Andrew Doyle/MUNICH

Problems over the allocation of work on the new A318 have been indirectly linked to Airbus managing director Noel Forgeard's unusual decision to launch the programme to build the 100-seat airliner before approval was given by the consortium's supervisory board (Flight International, 2-8 June).

As the Airbus Industrie partner companies struggle to resolve industrial issues relating to the A318 programme, confusion remains over whether the launch has been approved by the supervisory board.

Forgeard announced the industrial launch of the A318 in April after he was satisfied that the number of commitments in hand exceeded the requirements set by the supervisory board last year.

Partner company sources say Forgeard made the announcement despite the fact that programme launch decisions have historically been taken by the supervisory board, which comprises senior executives from shareholders Aerospatiale, British Aerospace, DaimlerChrysler Aerospace (Dasa)and CASA.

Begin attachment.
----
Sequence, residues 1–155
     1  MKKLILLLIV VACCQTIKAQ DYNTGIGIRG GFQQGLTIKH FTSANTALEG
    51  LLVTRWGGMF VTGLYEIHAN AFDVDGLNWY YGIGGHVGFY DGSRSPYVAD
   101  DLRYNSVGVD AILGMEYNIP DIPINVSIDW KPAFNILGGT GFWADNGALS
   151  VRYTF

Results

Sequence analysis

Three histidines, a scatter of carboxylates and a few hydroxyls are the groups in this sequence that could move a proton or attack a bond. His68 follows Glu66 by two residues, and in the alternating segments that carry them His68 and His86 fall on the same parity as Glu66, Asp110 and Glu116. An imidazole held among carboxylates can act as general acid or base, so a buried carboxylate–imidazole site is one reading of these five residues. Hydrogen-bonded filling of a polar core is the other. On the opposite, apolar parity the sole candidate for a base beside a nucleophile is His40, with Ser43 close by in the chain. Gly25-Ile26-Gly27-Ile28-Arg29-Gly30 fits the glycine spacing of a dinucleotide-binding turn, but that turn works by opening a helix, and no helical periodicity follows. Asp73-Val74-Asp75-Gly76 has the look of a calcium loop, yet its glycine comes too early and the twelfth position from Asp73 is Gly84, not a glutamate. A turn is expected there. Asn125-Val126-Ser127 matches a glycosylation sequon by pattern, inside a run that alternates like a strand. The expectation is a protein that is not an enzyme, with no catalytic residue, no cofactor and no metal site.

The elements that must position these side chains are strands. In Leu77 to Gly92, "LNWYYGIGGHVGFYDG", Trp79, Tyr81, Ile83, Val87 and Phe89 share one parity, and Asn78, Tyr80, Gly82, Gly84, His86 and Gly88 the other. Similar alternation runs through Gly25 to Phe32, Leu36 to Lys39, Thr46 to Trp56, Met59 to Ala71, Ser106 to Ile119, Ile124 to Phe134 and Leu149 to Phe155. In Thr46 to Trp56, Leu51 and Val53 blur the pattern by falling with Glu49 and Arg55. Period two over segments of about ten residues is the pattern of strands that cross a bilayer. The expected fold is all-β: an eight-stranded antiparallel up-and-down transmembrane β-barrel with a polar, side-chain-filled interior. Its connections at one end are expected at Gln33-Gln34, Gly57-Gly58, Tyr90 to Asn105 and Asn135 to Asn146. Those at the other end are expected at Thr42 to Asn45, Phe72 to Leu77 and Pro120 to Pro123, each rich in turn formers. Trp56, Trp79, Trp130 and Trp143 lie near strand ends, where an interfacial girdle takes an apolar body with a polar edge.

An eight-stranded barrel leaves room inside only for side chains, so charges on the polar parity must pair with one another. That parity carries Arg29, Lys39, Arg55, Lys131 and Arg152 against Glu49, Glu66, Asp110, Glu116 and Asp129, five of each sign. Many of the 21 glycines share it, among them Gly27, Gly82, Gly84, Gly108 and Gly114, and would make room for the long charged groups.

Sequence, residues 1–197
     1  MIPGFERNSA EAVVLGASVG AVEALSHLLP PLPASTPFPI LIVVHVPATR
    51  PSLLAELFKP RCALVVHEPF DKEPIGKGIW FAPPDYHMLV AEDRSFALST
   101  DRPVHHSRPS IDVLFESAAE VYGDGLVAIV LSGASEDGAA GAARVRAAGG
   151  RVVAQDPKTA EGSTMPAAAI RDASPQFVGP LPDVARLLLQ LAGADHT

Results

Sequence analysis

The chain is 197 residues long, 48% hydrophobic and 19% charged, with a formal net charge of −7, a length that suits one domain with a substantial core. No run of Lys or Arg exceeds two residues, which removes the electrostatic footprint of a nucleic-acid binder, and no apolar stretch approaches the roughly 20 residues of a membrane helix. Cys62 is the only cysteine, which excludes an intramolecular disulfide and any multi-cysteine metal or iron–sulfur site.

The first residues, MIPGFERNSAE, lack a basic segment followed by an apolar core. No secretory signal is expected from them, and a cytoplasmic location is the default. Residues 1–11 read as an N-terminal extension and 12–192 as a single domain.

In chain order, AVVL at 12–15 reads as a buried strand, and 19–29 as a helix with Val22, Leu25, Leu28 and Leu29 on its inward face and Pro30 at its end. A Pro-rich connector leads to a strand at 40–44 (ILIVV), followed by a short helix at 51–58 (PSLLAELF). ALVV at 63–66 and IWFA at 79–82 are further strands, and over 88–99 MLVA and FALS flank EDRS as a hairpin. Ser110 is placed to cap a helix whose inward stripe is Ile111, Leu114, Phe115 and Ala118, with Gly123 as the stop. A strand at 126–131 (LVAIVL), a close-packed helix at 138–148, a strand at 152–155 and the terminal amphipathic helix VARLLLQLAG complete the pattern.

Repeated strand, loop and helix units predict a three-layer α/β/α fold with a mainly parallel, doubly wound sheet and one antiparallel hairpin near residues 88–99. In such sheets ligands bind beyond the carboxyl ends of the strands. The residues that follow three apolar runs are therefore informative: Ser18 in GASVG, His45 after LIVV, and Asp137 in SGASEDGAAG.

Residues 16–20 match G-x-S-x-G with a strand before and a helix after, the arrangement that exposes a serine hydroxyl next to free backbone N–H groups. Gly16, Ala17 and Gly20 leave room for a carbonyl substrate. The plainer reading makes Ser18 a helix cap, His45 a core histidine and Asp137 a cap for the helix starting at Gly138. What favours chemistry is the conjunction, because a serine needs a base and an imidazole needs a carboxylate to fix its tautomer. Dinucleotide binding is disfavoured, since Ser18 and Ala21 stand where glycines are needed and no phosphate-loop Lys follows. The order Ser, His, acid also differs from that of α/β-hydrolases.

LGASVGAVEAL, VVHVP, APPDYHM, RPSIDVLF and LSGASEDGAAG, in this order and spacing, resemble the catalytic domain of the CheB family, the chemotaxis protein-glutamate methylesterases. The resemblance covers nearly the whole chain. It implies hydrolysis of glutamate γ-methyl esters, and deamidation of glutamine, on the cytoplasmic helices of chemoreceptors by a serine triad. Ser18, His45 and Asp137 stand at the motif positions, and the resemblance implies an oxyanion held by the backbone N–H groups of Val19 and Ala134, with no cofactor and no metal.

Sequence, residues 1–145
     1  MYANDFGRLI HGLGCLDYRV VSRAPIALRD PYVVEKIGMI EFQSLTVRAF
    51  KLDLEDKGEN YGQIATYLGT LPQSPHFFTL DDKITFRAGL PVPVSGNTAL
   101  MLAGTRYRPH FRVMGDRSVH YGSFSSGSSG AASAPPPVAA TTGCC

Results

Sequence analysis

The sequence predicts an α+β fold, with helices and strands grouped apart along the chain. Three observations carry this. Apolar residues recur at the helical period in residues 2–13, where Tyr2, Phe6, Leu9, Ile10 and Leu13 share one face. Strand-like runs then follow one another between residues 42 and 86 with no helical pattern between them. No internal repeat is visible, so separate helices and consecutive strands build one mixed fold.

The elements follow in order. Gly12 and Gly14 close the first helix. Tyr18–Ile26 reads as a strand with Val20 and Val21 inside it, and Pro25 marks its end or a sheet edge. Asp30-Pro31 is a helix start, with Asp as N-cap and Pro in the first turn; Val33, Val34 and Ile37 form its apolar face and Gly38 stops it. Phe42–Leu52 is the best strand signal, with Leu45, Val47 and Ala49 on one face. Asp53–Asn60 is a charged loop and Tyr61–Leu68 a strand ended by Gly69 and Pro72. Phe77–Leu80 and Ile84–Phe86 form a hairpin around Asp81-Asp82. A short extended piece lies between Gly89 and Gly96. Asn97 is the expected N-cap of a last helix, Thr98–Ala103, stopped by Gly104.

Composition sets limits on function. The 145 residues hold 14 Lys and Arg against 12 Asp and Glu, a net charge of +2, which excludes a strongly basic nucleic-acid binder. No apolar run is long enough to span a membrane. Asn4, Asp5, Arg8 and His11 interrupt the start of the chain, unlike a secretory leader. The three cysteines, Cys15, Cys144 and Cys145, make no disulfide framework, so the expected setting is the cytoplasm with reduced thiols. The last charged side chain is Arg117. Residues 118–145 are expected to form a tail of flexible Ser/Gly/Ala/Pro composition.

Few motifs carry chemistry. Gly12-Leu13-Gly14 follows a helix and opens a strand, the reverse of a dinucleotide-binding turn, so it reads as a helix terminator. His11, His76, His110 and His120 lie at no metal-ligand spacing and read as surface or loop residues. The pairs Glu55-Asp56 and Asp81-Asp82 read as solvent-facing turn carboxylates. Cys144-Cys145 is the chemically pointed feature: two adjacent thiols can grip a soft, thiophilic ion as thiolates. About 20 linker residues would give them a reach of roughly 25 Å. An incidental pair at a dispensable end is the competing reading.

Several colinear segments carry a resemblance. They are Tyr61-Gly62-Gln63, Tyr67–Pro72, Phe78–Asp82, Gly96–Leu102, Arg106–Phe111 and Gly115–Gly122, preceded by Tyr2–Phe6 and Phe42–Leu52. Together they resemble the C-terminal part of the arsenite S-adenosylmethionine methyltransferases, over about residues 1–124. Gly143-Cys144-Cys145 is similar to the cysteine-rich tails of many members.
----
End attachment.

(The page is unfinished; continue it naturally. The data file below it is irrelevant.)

The partner companies and Airbus Industrie decline to comment on whether the A318 launch has since been approved by the supervisory board.

Airbus says only that "the A318 launch decision taken by the managing director represents a full commitment by the consortium to its customers and suppliers". It adds that the consortium has "fulfilled its commitments" to enable the A318 programme to proceed.

Aerospatiale is unhappy with the higher-than-normal proportion of investment it faces having to put the A318 into production and the dispute threatens to delay the start of work on the programme. The French company wants to take over some of Dasa's completion work on the A320 as recompense. Major issues such as these are normally resolved before the supervisory board gives its approval for the programme launch.

Source: Flight International